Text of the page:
Security Operation Center (SOC)
A security operations center (SOC), also known as an information security operations center (ISOC), is a unified center where a network security team tracks, investigates, evaluates, and manages cybersecurity events, usually 24 hours a day, seven days a week.
A security operations center (SOC) can play a critical part in any organization’s information security program. A SOC, in particular, can assist in ensuring that unpatched vulnerabilities are spotted before any long-term damage is caused. In this article, we will look at what a SOC is and its functions.
What Is A SOC?
A security operations center (SOC) is a cybersecurity team mainly responsible for reviewing and evaluating an organization’s cybersecurity. Their primary goal is to detect, analyze, and advise on how to respond to cybersecurity breaches. They typically collaborate with incident response teams, flagging concerns and providing suitable incident responses.
The SOC analyzes possible cyber threats to servers, information, communications, interfaces, websites, apps, and systems of all types. They may also be involved in testing the organization’s network infrastructure to identify risks that they can address. They generally utilize probes, firewalls, and SIEM technologies to evaluate active sources, create new guidelines, and improve your team’s ability to respond effectively to security vulnerabilities.
What Does A SOC Do?
The SOC manages real-time incident response and promotes ongoing security enhancements to defend the corporation from cybersecurity threats. A well-functioning SOC will provide the following services by utilizing a sophisticated combination of the necessary tools and the right personnel to regulate and manage the whole network:
- Proactive, 24-hour monitoring of systems, devices, and technology for risk and vulnerability detection.
- Prompt and efficient incident response.
- Proficiency in all tools used by your company, including third-party sources.
- Software application setup, upgrading, and troubleshooting.
- Monitoring and controlling firewall and breach safety systems.
- Assessment and remediation of virus protection, malware, and ransomware services.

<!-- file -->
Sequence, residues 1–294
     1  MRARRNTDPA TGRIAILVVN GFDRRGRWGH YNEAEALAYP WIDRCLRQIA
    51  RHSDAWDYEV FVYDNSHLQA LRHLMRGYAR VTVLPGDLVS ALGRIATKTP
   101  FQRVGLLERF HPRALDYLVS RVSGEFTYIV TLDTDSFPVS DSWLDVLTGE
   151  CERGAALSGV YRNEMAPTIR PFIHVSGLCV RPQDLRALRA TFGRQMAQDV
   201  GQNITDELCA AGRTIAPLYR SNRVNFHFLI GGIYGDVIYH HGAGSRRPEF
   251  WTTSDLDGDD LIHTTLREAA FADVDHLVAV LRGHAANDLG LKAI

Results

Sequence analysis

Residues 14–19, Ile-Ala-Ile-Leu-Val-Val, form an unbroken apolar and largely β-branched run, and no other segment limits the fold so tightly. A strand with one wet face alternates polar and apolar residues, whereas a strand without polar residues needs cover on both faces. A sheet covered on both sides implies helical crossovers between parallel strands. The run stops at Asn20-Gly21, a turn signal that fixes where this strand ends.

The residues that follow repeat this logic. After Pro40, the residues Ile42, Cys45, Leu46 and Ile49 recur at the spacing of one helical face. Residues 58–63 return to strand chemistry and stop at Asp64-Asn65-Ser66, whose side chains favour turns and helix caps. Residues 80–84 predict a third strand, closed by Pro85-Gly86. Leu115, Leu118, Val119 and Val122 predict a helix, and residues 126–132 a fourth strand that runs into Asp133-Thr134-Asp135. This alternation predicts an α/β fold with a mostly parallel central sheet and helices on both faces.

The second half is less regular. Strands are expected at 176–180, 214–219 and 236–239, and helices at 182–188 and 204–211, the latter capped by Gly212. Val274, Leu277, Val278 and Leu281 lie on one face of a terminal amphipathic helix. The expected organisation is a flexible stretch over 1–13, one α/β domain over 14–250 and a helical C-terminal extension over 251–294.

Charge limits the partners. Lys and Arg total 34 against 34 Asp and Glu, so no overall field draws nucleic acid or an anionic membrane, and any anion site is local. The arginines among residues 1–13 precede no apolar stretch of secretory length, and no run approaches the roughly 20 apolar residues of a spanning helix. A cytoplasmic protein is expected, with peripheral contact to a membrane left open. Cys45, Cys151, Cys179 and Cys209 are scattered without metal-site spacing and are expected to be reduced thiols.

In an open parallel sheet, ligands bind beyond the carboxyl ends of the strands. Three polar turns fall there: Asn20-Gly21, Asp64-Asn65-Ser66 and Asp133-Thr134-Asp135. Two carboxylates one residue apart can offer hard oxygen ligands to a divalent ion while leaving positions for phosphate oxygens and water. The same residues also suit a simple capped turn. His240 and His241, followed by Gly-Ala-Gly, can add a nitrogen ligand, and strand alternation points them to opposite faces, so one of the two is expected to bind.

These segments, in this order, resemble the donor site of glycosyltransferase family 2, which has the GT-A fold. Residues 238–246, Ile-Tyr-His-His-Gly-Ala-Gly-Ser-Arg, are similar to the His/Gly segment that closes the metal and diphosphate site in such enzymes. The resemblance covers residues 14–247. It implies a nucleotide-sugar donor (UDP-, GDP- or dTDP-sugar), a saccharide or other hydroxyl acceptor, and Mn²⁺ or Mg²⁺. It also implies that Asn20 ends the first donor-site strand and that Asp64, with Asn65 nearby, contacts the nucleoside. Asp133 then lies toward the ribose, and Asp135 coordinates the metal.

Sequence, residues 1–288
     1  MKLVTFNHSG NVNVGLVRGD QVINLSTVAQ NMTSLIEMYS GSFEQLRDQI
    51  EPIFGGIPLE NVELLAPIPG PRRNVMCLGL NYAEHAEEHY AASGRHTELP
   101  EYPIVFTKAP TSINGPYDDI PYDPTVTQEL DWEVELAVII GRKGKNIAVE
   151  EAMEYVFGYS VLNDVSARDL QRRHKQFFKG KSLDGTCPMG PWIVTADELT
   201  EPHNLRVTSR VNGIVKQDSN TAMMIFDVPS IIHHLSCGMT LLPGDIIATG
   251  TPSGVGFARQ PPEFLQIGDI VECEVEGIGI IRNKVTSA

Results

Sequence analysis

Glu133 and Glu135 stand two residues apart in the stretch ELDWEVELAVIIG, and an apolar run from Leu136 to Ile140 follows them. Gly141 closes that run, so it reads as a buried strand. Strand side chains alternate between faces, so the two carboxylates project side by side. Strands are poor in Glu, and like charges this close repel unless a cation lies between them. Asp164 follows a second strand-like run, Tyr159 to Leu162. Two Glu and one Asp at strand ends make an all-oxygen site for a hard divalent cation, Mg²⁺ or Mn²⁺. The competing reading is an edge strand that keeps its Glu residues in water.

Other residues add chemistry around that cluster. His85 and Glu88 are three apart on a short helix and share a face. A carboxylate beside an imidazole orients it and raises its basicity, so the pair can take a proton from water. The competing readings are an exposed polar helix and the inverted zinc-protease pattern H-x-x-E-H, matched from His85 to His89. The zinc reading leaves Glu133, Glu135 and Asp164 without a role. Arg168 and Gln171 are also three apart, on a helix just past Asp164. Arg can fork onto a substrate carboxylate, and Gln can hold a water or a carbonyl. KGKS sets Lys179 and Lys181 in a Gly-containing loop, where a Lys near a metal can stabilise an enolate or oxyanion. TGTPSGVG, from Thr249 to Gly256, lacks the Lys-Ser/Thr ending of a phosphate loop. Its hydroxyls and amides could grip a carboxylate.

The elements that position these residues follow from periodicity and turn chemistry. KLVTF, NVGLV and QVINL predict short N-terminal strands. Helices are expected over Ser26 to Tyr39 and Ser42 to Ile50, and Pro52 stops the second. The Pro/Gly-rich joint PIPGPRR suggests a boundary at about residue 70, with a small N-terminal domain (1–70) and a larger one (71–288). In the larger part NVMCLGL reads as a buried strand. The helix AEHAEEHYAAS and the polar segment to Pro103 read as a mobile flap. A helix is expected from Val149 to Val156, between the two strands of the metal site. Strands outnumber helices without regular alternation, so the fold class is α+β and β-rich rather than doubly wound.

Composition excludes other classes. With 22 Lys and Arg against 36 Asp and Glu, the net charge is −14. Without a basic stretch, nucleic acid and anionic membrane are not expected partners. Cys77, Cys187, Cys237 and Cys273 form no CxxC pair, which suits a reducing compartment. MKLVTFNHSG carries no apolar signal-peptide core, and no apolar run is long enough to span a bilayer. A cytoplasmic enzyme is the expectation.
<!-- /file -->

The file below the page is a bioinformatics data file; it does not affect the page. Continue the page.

- Management of email, audio, and video traffic.
- Patch administration and access controls.
- In-depth examination of security log data from various resources.
- Evaluation, detection, and documentation of security trends.
- Investigation of security breaches to determine the underlying cause of attacks and avoid potential threats.
- Policy and procedural enforcement.
- Backup, storage, and recovery.
The SOC incorporates a range of technologies to collect information for patterns and notify personnel of possible risks. However, the SOC does more than merely deal with problems when they arise.
The SOC is responsible for identifying weaknesses — both external and internal to the company — through continual software and hardware risk evaluation.
SOC personnel are searching for solutions to increase security on a proactive basis. Vulnerability assessment includes actively attempting to hack their system to expose loopholes, a process known as penetration testing.
SOC professionals ensure that the organization is using the necessary technologies and analyzing what is and isn’t working.
The Bottom Line
A SOC is essential for every organization that plans to grow its cyber operations and infrastructures. It also gives a high level of security. Whether you integrate SIEM and security capabilities into your NOC, outsource the majority or all SOC functions to third-party providers, or employ an in-house team, it’s critical to address the concerns that a SOC is meant to solve.